How to treat spinal kyphosis with surgery. Most patients with kyphosis do not require surgery. Spinal surgery for kyphosis is recommended for patients whose curvature continues to progress or cause symptoms despite conservative treatment. Corrective surgery for thoracic kyphosis is usually recommended when curves are greater than 80 ° – 90 ° when measured on x-rays. Kyphosis can extend in the middle or lower back, and in these cases, surgery is recommended for curves exceeding 60 ° to 70 ° kyphosis. Surgery is another option for patients with back pain turned off or when kyphosis leads to compression of the spinal cord or nerves.

Types of spinal kyphosis


The most common form of the disease is when poor posture. Patients with postural kyphosis can independently correct the curve by standing upright. There are no actual spinal structural abnormalities for these patients, and their curve is unlikely to progress.

Structural kyphosis.

It refers to an enlarged spinal curve that is not associated with posture. Patients with structural kyphosis cannot consciously straighten the spine. Patients with kyphosis may notice that they have difficulty standing upright or have constant pain in their back or legs. Symptoms usually worsen as the day goes on, and the patient will feel that he leans farther and farther forward, the longer he tries to stand upright. The severity of symptoms usually depends on the amount of kyphosis present.

Scheuermann’s kyphosis.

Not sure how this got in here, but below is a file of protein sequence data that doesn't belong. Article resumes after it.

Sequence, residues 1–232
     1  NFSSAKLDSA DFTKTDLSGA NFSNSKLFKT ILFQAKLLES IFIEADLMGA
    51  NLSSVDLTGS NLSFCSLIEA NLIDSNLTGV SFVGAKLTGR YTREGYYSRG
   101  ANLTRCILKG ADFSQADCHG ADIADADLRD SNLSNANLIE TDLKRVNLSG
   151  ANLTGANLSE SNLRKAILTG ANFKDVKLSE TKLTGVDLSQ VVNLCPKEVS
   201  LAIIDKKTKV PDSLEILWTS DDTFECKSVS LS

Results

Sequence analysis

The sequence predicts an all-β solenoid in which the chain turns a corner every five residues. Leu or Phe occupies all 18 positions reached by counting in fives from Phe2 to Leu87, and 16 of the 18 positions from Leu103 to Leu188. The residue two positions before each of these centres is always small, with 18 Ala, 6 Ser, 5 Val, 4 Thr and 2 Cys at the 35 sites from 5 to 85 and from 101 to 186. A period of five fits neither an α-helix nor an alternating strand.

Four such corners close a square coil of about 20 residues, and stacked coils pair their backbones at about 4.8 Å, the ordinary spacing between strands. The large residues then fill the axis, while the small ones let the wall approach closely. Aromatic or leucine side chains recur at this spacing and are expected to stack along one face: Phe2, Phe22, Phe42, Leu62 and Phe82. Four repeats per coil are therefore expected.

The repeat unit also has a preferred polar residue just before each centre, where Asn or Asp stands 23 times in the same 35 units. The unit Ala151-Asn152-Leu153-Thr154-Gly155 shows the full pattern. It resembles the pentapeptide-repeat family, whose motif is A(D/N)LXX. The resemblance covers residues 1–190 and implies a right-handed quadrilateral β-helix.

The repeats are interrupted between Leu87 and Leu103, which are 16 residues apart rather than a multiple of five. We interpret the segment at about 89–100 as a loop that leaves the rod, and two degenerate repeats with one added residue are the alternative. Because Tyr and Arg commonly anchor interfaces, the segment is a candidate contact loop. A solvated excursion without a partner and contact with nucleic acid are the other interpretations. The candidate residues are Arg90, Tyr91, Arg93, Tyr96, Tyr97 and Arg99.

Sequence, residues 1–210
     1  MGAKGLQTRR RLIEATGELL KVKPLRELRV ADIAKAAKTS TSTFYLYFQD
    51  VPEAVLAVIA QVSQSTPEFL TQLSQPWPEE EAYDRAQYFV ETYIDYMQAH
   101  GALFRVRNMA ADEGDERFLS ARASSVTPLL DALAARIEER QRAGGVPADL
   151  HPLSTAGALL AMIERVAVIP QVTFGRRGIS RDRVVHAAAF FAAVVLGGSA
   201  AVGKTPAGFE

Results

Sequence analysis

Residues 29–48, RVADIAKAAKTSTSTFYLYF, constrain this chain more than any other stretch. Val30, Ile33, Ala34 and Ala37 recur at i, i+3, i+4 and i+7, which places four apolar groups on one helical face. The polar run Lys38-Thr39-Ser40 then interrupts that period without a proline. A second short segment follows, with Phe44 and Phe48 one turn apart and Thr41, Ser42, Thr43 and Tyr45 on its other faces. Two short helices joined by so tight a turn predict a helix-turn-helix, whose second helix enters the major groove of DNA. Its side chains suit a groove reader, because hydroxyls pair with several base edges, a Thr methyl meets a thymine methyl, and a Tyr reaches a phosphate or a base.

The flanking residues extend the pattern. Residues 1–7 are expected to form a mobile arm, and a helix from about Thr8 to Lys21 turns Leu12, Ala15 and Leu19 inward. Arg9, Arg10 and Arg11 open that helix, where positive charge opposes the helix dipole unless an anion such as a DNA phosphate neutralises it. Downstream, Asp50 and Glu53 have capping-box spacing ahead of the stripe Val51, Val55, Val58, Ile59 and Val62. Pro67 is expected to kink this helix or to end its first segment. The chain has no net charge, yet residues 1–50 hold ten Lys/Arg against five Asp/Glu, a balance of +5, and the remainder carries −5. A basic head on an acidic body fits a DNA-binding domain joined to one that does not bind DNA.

The most common type of structural disease is Scheuerman’s kyphosis. Most often diagnosed at the age of 12 to 14 years. Scheuermann’s kyphosis is thoracic kyphosis, measured by more than 40 °, wedging three or more vertebrae in a row. The cause of Scheuerman’s kyphosis is unknown, but researchers believe that this is due to abnormal bone growth and development. This condition has a genetic predisposition and is most often observed and diagnosed during periods of rapid bone growth, for example, in adolescence. Most patients, first of all, notice poor posture or stoop and pain can develop in increased curvature.

Other reasons.

The disease can occur from other problems or abnormalities in the spine. Any condition that leads to a decrease in height in the front of the spine can cause an increase in kyphosis. Common causes are caused by conditions such as compression fractures due to osteoporosis, other spinal fractures, or degenerative disc disease.

Diagnosis of kyphosis

The diagnosis is based on physical examination and x-ray examination. A complete medical history is noted to rule out other possible causes of kyphosis. An X-ray is used to assess spinal alignment and to measure total curvature when viewed from the front and back.

Kyphosis Scheuermann’s disease. If magnetic resonance imaging is done, then patients usually have Schmorl nodes, small hernias of the disc through the trailing plates of the vertebra. These disc hernias are different from hernias that occur in the area where the spinal nerves are located.

you may also like this:

How to treat spinal kyphosis, How to treat spinal kyphosis, How to treat spinal kyphosis, How to treat spinal kyphosis, How to treat spinal kyphosis


Leave a Reply